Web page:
Kim: Hello and welcome to Episode 4 of the Balancing Mom Podcast. In today’s episode, we are going to discuss the challenges with childcare. Particularly, managing the time and cost when you’re a full-time working parent or parents.
Stacy: We are your hosts, Kim and Stacy, coming to you from the charming city of Durham, North Carolina. The Balancing Mom Podcast is brought to you by 3BossyBees.com. We’re excited to be here to share tips, advice, and a little bit of sanity that you are not alone in the working parent journey.
Stacy: You’re a little bit ahead of me. Does it get any easier with childcare costs? Give me hope!
It seems like a mystery cause everyone always says “once they’re in school…” Well no. Once they’re in school, you’re kind of juggling even more.
Kim: It seems like a mystery cause everyone always says “once they’re in school…” Well no. Once they’re in school, you’re kind of juggling even more. Maybe the cost might go down some, but that juggle is still there. And, a lot of the costs are still there.
Stacy: Not only is there a cost… but, the costs are still there, and the juggling is more because what, I mean you’re… you work full time in an office. What time do they get out of school?
Kim: They get out of school at 2:30 pm. So, I mean, there’s a whole range of options which I outlined in our blog. So, I outlined in the blog on our site, 3bossybees.com, about the age the kids are and the type of child care that they’re going to need. So, when you have an infant, it’s really expensive. Did you try daycare for a little bit?
Stacy: Well, we started with a nanny first, for a year. And, we had some similar concerns that you might have had. You did for a year, which you did with your oldest child as well. And that was sitting in front of the TV. Not getting social interactions, social norms. And so we put him in daycare and felt as if this juggle was a little easier. The cost was a little less than having someone come in-home at that time. But, it had its challenges, because the transition for our oldest was not a good one.
Kim: It would bring You to tears, sometimes on those mornings. Those mornings are painful when you’re prying little hands off your legs… and tears…
Stacy: Oh the heartbreak… that didn’t go away when I got to my car. I could hear in my car screaming from inside.
Kim: Yeah that’s hard.
Stacy: That was very difficult.
But I didn’t want him at home being put in front of the television because number two and three needed changing or feeding.
Kim: Even when our oldest, just like he said, we started with a nanny. And you know, to your point earlier, about we’re lucky to have the opportunity to have in-home care. It’s what we can afford. But we did. We put our oldest into half-day preschool and it was the same, did not to go. But I didn’t want him at home being put in front of the television because number two and three needed changing or feeding.
Stacy: The distribution of attention…
Stacy: I get it. Absolutely. We felt similar as well. With our oldest, pulling him out of daycare. We did a nanny again when the second one came along. That he took a year off of school, like before going back to pre-school. And that break for him was all he needed to transition back into school half-day. And he loves it now. So it’s not as long of a day. It’s a hard transition for everybody to do that… going into daycare.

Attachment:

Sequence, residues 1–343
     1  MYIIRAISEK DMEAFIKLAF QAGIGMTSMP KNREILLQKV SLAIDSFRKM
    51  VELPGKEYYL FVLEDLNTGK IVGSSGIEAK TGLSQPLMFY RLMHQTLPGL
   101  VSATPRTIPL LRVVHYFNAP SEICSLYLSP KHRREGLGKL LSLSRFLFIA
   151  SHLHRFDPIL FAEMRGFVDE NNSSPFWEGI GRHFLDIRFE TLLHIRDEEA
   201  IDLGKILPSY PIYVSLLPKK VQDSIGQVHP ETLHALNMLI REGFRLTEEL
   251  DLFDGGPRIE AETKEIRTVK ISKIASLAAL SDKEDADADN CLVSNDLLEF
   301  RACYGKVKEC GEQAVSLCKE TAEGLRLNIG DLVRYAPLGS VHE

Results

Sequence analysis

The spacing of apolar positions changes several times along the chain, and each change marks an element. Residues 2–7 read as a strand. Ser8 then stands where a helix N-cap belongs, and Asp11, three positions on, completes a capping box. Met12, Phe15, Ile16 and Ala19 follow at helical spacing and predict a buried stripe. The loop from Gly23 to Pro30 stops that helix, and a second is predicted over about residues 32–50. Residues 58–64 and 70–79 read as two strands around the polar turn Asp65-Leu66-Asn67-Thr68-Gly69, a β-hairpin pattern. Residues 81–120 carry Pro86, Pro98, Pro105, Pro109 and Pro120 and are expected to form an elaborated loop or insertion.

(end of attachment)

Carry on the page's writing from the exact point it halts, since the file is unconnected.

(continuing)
Kim: Yeah it is. And they’re so little. Like I’ve said I wished sometimes you know when I see the kid that wants to ride on the school bus… or I’m just so ecstatic to be at the preschool… I always envied parents [that had that] because mine always clung to me and would not let go and every day was painful. So, I get that. But there is, at that age when they’re infants and toddlers, you know that you need the care. And so, you know you need full-time care.
We don’t have the luxury of having parents nearby so the burden completely falls on ourselves and our partners to provide that childcare, because we all work full-time. We’re essentially taking on a second mortgage to pay for childcare. Especially when there’s more than one in the picture.
Stacy: We don’t have the luxury of having parents nearby so the burden completely falls on ourselves and our partners to provide that childcare, because we all work full-time. We’re essentially taking on a second mortgage to pay for childcare. Especially when there’s more than one in the picture.
Kim: And the costs go up. So, I thought, OK once they get to school this is going to be easy. No. After school care costs were expensive. And for three, it was just as much if not more and getting a babysitter for three days a week for after school to pick them up and to take them on activities or to do the reading with them. But, that’s only three days a week. Spouse and I started juggling the other day. Or, you remember when we were working together. I would come into work at 6:00 a.m. I would leave at two to go get them, and then by Thursday after doing this for four days at that point, I’m exhausted.
Stacy: It’s really hard to maintain that pace.